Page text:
Implications for workforce and skills in community pharmacy

Community pharmacies are already finding it challenging to deliver their core services. The sector faces similar workload pressures and staff shortages as general practice. Over 70% of pharmacies report shortages of pharmacists, and almost 20% have had to temporarily close because of inadequate staffing.26 The idea that pharmacies represent an “untapped resource” that is “ready to roll” is therefore optimistic.27

The pilot scheme will require pharmacy staff to identify, appraise, and organise referral according to a wide range of symptoms (supplementary table). This is all the more challenging since several presentations require pharmacists to decide whether symptoms are “unexplained.” Furthermore, identification of people who may require a pharmacist consultation is likely to fall to non-clinically trained staff, who field most customer interactions in community pharmacy. Cancer recognition could be simplified by asking staff to identify single “red flag” symptoms for each cancer that reflect a risk sufficiently high to consider referral. However, not all cancers have such symptoms, and they occur in only a minority of cases.28

Recognising possible cancer symptoms is vital, but it is only one step within the clinical consultation. Clinicians also need to ascertain additional information to appraise symptoms, weigh up the likelihood of alternative diagnoses, including other serious illnesses, before formulating a plan along with their patient. Finally, such discussions may lead to follow-up or “safety netting” advice informed by an understanding of the possibility of false negative test results or the symptoms being caused by other disease processes that may not be identified by a cancer targeted test.2930

The number of informal consultations community pharmacists deliver is increasing, and currently stands at around 20 a day, each lasting about six minutes.31 Consultations for cancer symptoms are likely to be more time consuming—for example, assessment for referral to chest radiography in pharmacy takes over twice this time.22 Even if staff in community pharmacies receive training to assess for cancer symptoms, they may not have time to deliver such consultations at scale.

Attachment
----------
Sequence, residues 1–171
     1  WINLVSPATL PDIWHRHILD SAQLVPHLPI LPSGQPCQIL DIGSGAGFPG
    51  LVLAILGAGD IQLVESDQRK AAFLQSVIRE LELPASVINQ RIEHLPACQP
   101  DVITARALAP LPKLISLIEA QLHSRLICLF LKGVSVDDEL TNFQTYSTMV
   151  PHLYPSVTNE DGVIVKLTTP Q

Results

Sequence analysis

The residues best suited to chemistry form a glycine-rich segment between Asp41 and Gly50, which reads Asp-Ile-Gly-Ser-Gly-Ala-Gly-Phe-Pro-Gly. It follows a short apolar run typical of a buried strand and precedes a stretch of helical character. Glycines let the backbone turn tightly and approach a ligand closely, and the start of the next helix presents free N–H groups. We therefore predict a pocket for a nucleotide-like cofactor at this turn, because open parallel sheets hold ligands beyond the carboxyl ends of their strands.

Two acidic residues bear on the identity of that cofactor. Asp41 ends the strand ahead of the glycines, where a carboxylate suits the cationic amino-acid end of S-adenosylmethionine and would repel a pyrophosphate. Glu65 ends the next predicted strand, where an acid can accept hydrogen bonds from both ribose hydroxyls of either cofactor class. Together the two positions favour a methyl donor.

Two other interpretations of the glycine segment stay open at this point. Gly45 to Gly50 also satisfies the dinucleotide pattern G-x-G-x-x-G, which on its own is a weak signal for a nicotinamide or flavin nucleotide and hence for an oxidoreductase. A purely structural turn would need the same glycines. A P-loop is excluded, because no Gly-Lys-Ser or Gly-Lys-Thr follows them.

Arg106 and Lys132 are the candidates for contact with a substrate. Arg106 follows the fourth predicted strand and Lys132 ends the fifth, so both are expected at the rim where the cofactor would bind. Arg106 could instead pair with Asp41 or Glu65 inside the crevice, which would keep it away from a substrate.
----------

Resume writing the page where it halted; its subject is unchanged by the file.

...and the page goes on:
Logistical and governance considerations

Community pharmacies in England typically have at least one room for confidential discussions,32 but many would require additional consulting space if such consultations became more frequent. Pharmacists would also need access to the primary care electronic health records, both to check if relevant investigations had already been undertaken and to document consultations and management plans. Progress towards greater connectivity between community pharmacy and general practice systems has been achieved as part of another scheme.33

Similarly, processes for organising tests and referrals from pharmacies may be more robust if they were connected to hospital systems for requesting tests and receiving results (or of patients’ non-attendance). Maintaining familiarity with often cumbersome systems may not be tenable for pharmacists requesting referrals or tests only occasionally. Even if routine access to primary and secondary care systems was achieved, challenges to care coordination would remain. Monitoring of results and attendance could fall to general practices, but such expectations have previously proved controversial and would need to be negotiated carefully.34

It can be argued that patients receiving tests through pharmacies might not otherwise have had their symptoms investigated at all, but it cannot be assumed that lower standards for safe clinical management and follow-up are acceptable to patients or regulators. Offering cancer testing could expose pharmacists to greater risks of complaints or litigation, perhaps for failing to organise or follow up on cancer tests, which would affect indemnity costs and the preparedness of pharmacists to take on such responsibilities. The General Pharmaceutical Council requires pharmacists to “recognise and work within the limits of their knowledge and skills, and refer to others when needed.”35 Participating pharmacists would need to satisfy themselves that they had received sufficient training to be considered competent to be responsible for requesting cancer tests, although this could prove challenging for individuals to determine.

Community pharmacies face a highly competitive commercial environment, dominated by large national and multinational chains. They will need to be offered sufficient reimbursement to justify taking on additional clinical responsibilities, which could amount to substantial costs overall. English pharmacies taking part in the scheme to treat seven common conditions receive an initial payment of £2000 (€2300; $2500) followed by monthly payments of £1000 if a minimum number of consultations are carried out.36 The cancer detection pilot includes a one-off set-up payment of £390, along with a monthly payments of between £329 and £411 depending on the number of consultations undertaken.8 Evaluation of the pilot will help understand whether these payments are sufficient to get pharmacies to participate.

Involving pharmacists will not alleviate backlogs for cancer diagnostics